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Old 06-18-2013, 11:39 PM   #1
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Location: Aledo, Texas
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Parkit360

Our 19' will be delivered soon, so I'm moving forward on the purchase of a Parkit360. Our pad for the trailer is at a right angle to the driveway and through a gate, so I need a tug to manuever it into final position.

It's expensive, but seems to be the right (only?) tool for the the job.

I'll post a review after a few sessions with it….more to come.

Cheers,
RB
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Old 06-19-2013, 10:01 AM   #2
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If it what you need to get the job done, then it is worthwhile. Give us a review when you get to try the combo out.
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Old 06-20-2013, 07:52 PM   #3
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We have the Parkit360M. At the time it was an upgrade to get the 1.5amp motor, but that is now standard. We also chose the wide tires, brake controller and battery box. The brake controller wasn't really required for our application but highly recommended if there is a significant slope. It has worked perfectly for us and means we can store it in our yard and still have access to the door. As we pull it in with the Parkit, it means that an added benefit is security. It seems noisy to use and for a tall person it does not have a long enough handle. We do like it and are happy we have it. The wide tires help as it is pulled through course gravel.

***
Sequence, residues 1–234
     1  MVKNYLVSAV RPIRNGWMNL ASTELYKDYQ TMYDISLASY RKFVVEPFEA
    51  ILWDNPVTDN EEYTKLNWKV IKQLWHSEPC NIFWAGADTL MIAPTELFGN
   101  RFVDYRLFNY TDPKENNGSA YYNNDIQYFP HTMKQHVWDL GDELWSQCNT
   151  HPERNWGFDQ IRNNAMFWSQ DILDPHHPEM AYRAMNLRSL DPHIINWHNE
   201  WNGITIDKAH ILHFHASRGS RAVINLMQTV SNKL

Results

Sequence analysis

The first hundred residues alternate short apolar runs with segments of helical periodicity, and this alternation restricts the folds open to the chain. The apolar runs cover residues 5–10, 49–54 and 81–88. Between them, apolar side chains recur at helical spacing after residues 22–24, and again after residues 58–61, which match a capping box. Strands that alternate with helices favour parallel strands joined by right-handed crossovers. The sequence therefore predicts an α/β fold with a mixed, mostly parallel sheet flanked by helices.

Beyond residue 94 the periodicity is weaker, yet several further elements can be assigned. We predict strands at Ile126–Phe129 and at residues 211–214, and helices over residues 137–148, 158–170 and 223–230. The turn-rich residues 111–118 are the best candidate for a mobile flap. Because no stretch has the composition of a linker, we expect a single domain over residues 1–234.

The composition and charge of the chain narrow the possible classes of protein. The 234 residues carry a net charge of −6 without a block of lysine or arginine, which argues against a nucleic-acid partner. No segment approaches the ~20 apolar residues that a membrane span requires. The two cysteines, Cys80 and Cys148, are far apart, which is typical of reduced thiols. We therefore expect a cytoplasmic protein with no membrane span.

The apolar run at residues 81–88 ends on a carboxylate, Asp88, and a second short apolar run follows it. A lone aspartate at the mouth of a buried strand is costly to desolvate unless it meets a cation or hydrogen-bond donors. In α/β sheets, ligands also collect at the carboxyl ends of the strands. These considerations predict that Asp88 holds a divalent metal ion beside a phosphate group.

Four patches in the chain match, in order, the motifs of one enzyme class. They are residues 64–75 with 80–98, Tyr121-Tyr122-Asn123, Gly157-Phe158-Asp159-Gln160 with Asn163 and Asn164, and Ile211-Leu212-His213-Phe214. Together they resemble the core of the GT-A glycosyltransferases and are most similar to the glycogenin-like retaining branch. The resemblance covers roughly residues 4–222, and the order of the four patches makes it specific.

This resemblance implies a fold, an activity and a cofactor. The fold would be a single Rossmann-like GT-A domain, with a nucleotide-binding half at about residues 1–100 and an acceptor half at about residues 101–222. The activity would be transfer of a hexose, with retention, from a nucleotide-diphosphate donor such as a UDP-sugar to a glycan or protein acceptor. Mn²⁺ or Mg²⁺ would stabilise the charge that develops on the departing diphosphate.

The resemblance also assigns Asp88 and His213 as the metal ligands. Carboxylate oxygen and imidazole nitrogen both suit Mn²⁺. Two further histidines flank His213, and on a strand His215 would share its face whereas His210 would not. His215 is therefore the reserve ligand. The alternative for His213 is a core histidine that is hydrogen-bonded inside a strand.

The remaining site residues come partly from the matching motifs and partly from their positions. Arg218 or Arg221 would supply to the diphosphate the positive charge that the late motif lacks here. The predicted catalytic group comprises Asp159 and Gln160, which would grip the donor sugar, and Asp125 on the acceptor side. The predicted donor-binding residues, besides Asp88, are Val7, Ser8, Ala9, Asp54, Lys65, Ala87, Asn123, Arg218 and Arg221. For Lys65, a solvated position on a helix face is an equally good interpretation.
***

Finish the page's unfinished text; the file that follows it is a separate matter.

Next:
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Old 06-20-2013, 07:57 PM   #4
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what does the Parkit360M weigh?
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Old 06-20-2013, 11:31 PM   #5
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Thanks for the feedback donandbea… I also bought the trailer brake accessory and battery box.
I bought the P360L rated for 9,800lbs … total overkill for the Escape, but it was only $80 more, so I thought it might be a good resell plan (…lot's of horse trailers in this part of the state). Plus, I have a slight grade, which this unit will handle with ease.

J Mac, the unit weighs 67 lbs according to the specs on the website.
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Old 07-11-2013, 12:53 AM   #6
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We took delivery of our Escape 19 on Sunday, July 7th. We received the Parkit 360 a couple days prior, so it gave me time to put it together (about 20min, taking my time) and buy a battery.

The unit is well made, not mil spec, but very logical and no cheesy parts… works as described and I'm happy with the performance. There's no other way I could park the trailer in this spot without this dolly, so I love it.
Here's some notes -
- I had planned to use the ball hitch to move the trailer, but on closer inspection found it easier to use the tongue jack. The instructions on the ball hitch highlights the need to really have the thrust washer as tight as possible, which means there's a risk that the unit can come off the hitch, or at least shift, if not really cranked down… that bothered me, but no worries, because you have the option to take off the ball hitch and have the tongue jack slide right into the receiver.